What do Isiah Thomas, Barry Sanders and Juwan Howard have in common? All have been celebrated as “good guys.” All have been hailed as humble star athletes who have their priorities straight.
And all have fathered children out of wedlock.
I bring them up only to prove that the current Sports Illustrated cover story,
“Where’s Daddy?” about paternity and athletes, is not some device to sell magazines, and not some blown-up tale about a few sex-crazed deviants. It’s as real a problem as there is in sports, and it says a lot about who we are and what we choose to admire.
Sports Illustrated paints a grim picture. One estimate says that for every NBA player, there is one out-of-wedlock child. Some players, such as Cleveland’s Shawn Kemp, seem to want to break the offspring record more than the scoring record. Kemp, 28, has reportedly fathered seven children with six different women. The Knicks’ Larry Johnson has five children by four women. Latrell Sprewell had three children with three women — before he turned 21!
As a sportswriter, I see this problem all the time. I know it is real. I also know it is ironic. Because if there is one underlying theme with pro athletes
— especially in basketball and football — it’s that their fathers were never around for them.
The sins of the sons.
Ego, ego, ego
Now, before we go any further, let’s recognize that out-of-wedlock babies are not limited to sports. Statistics show that 32 percent of U.S. children are born to unmarried mothers. In the black community, the figure is 70 percent. And since the NBA and NFL are predominantly black, one might argue that the fathering athletes are no different than their community at large.
I would challenge that. Because the handful of lucky studs good enough to make the pros have advantages their demographic peers do not. They have money. Fame. Advisors. They have choices.
Why then do so many ignore it all?
Ego, for one thing. Athletes, competitive by nature, often see women as one more thing to keep score of. Ego drives them to bed as many as they can, then move on. Ego makes them also think that these women are somehow interested in them, not their money. And ego makes them think that, if a child comes along, it will be taken care of the way their luggage and bills are taken care of, by somebody else.
Then there’s opportunity. Even a homely NBA or NFL star will have plenty of attractive women ready to fall all over him. Some women see it as status. Some see it as a meal-ticket. Some are looking to get pregnant, because, with certain states and judges willing to snatch 20 percent of an athlete’s salary for child support, well, to put it crudely, one kid is worth six figures.
But neither ego nor opportunity explains the simple issue of unprotected sex. And this is where it all comes back to the athletes. They complain that these women are gold diggers, one-night stands, but if they’re so unimportant, why not just say no? Or at least use condoms? Why do they repeatedly have unprotected sex, even after being burned?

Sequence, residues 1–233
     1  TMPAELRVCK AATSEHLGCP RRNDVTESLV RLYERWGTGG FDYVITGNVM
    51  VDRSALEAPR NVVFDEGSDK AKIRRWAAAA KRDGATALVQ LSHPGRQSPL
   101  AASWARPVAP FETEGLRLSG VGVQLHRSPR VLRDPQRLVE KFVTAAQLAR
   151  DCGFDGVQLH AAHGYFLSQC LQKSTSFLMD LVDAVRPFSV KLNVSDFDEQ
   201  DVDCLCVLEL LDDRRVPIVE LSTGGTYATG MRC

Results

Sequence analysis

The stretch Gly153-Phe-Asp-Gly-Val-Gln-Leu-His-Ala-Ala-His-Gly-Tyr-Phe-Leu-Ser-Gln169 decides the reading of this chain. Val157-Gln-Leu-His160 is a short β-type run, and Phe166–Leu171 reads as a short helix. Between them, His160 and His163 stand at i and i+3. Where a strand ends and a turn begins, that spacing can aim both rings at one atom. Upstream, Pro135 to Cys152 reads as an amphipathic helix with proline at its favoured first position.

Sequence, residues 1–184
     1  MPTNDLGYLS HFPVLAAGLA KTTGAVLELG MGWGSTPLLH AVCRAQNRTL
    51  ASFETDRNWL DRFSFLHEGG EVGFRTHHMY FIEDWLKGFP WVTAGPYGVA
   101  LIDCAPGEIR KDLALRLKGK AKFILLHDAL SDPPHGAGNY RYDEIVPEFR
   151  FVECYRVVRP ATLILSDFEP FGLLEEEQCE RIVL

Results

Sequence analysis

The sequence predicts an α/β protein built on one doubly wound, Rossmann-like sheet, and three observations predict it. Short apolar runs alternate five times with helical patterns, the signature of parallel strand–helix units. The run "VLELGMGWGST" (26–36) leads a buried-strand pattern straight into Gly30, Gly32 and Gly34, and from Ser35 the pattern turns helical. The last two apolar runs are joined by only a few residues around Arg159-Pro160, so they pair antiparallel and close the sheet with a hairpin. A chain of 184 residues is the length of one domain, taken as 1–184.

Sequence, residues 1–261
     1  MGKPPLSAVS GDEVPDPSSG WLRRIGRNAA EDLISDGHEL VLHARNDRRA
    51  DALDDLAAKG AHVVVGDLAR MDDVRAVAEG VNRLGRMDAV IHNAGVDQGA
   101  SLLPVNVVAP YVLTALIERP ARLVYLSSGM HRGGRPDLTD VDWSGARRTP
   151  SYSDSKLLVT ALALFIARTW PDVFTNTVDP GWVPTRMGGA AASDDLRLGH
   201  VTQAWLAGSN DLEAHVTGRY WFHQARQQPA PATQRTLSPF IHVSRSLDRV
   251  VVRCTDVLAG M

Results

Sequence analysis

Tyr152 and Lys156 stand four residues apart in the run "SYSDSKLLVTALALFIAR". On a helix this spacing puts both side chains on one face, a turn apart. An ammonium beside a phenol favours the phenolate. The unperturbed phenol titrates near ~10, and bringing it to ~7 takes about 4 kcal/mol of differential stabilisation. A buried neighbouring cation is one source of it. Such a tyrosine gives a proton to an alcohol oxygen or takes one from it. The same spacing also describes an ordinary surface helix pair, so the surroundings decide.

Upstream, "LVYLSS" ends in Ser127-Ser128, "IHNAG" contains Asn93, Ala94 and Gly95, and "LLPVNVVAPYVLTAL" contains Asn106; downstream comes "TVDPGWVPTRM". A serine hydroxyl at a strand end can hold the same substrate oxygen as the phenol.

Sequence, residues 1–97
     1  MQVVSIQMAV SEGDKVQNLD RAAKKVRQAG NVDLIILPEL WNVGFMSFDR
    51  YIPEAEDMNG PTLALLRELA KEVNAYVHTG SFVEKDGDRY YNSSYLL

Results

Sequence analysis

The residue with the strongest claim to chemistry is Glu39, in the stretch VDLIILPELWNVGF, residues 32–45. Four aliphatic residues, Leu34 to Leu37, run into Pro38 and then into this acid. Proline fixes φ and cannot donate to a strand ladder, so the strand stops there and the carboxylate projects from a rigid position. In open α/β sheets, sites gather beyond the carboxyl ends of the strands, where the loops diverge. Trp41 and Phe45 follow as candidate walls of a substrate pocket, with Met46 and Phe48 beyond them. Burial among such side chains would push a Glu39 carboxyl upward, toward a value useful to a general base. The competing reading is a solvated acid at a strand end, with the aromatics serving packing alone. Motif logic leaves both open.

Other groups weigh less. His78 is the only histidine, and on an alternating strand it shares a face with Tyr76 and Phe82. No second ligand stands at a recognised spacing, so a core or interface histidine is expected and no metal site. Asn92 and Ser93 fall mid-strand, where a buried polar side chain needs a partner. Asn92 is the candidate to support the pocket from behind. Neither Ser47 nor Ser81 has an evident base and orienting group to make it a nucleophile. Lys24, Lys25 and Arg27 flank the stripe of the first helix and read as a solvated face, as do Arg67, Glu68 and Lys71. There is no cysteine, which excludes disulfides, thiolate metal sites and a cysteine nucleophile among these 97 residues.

What was Shawn Kemp thinking after child No. 5? That lightning wouldn’t strike six times? What was Magic Johnson thinking when he was flopping between, according to him, the 1,000 women he slept with? Do these guys honestly think they’re so special that the rules of biology don’t apply?
They’re not heroes
The problem comes from stupidity, pride and the belief that money and fame should place you above other “common” people, such as women in tight dresses. But mentioning Johnson raises the issue that, to me, is really bothersome: Why are so many of these child-spawning responsibility-shirkers still celebrated as heroes?
Larry Bird, Mr. Team Player, has a grown daughter that he barely acknowledges. Steve Garvey, who made a tidy fortune from a Mr. Clean image, was sued for paternity of children he fathered out of wedlock. Jim Palmer, the All-America underwear man, has an out-of-wedlock daughter he pays for but never sees.
Why do such men make fortunes from endorsements, get special favors, even receive humanitarian awards — when the simple responsibility of their children is ignored? It’s not enough to send money. Pro athletes have plenty of money. But money doesn’t wash away absence. The answer to “Where’s Daddy?” is not in a checkbook.
At many points in this Sports Illustrated story, battles over child-support payments are highlighted, with mothers wanting to live like stars and athletes wanting to pay for cereal and juice. An expert, defending large support payments, says, “When you talk about investment in a child, it’s not just about buying Pampers, it’s all the things that go into producing an adult.”
Yeah. Here’s ingredient No. 1: a father.
How many balls have to hit you in the head before that sinks in?
To leave a message for Mitch Albom, call 1-313-223-4581. He will sign
“Tuesdays With Morrie” 7:30-8:30 p.m. Wednesday at Barnes & Noble in Grosse Pointe Woods.